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COLUMN: Movers and makers shift Squamish's image from pit stop to hot spot

Influx of free-spirited entrepreneurs blossom, but housing for staff an ongoing concern

This past year has been an encouraging one for business in Squamish. We’ve seen an array of up-starts that focus on putting the customer first while creating companies that spark passion and joy from the top down.

Squamish is, if nothing else, full of residents who genuinely want to make a life here in the Sea to Sky Corridor and see the benefit of building a business that caters to locals.

These leaders are often not business people, but passion people like Tara Cain whose Play In Motion provides multi-disciplinary occupational therapy and companion services to children so that families don’t have to travel the highway to get the support they need.

Kevin Young. - Kirsten Andrews

Then there are entrepreneurs like Katie Youwe and Matt Harris of Alice + Brohm, and Kevin Young of Xoco, who do their very best to help restore all those calories lost to the extreme outdoor adventures we get up to.

And the ones that make our morning cappuccinos like Anastasia Katochianou and Kostas Tiliakos. In just over a year the couple has steadily grown the Green Olive Café & Market clientele to the point where it’s hard to find a free table, and they are now employing several employees alongside running the day-to-day operations themselves.

We can’t forget all those who keep the libations flowing. In addition to our plethora of breweries, there is a new wave of cideries, including Northyards and Cliffside.

We have a solid stream of talented makers like Nadine Manson, who not only has the chops to design and produce eco-friendly, no-slip leggings that are the Holy Grail of yogis, she’s one of the brightest marketing minds out there at the moment. She also pays Vancouver workers — where her tights are manufactured — living wages and is working hard on bringing her factory production to Squamish.

Nadine Manson. - Kirsten Andrews

But not all that glitters is gold on the mountaintops, and the town has seen the closure of some dearly beloved shops as well. Up For Art struggled to find its footing, and despite a fanatical customer base, the Toy Corral at the Squamish Town Hub shuttered after being unable to afford increasing rent.

In the time I’ve been the business columnist for The Chief, the conversations I have with new and established business owners are as diverse as the businesses I cover — save one thing. It’s typical for employers to bring up the fact that they are struggling to attract and keep staff due to the lack of affordable housing.

In chatting with Mayor Karen Elliott recently, she said that council will be focusing on the problem of affordable housing for many years to come.

“When you’re recruiting staff, especially if they’re coming from outside the district, the first thing people look at is, ‘could I find housing?’” she said. “If you look at Squamish, you will know that we’ve had zero per cent vacancy rates since 2016, and the cost of homes has almost doubled in some cases. So if you’re coming from outside the Lower Mainland, you’re not going be able to afford a home here. And so, that does impact people’s decisions to relocate.”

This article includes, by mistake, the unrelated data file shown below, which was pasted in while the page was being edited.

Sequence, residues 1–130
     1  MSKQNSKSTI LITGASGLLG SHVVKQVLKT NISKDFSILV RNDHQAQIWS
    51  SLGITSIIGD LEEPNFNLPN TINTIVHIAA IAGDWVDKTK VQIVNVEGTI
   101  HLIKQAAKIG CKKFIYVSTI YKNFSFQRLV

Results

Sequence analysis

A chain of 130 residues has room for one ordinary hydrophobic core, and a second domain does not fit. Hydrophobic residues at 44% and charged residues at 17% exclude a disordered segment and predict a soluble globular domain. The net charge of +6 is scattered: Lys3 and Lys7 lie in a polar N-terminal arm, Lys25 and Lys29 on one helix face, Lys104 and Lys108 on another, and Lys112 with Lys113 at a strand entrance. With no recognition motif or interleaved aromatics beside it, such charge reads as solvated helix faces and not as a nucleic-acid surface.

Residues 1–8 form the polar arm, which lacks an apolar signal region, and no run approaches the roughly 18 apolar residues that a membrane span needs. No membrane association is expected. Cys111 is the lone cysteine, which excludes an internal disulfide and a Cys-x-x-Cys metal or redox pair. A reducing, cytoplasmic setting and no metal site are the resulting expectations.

Part of the District’s strategy to address this includes employing an economic development officer who works closely with the Squamish Chamber of Commerce to develop tactics to attract and retain workers.

Some businesses have adopted a resort municipality approach to providing staff housing, keeping rental homes that may even remain vacant over the slower winter months just so they can have somewhere to house workers in their peak tourist season.

According to the mayor, energy will continue to be poured into sourcing money from higher levels of government for projects like the one slated for 38648 Buckley Ave. that has received $7.6 million in provincial funding and will provide 76 affordable mixed-income rental units.

“We have a long way to go. We can’t take our eye off this situation. Because if we want to retain workers, if you want to attract workers to our community, fundamentally, they have to be able to see that they can put a roof over their head and that it’s a stable roof over their head,” Elliott said.

All in all, Squamish residents clearly have the appetite and dedication required to continue its current hot-spot trajectory, rebranding the image of Squamish from that of an old-school logging town with a fiscal base in blue-collar industry and a pit-stop on the highway to Whistler, to a place one wants to call home, raise a family, play, and work. Just so long as the numbers add up.

Check out the local businesses that won The Chief' Reader's Choice Awards here

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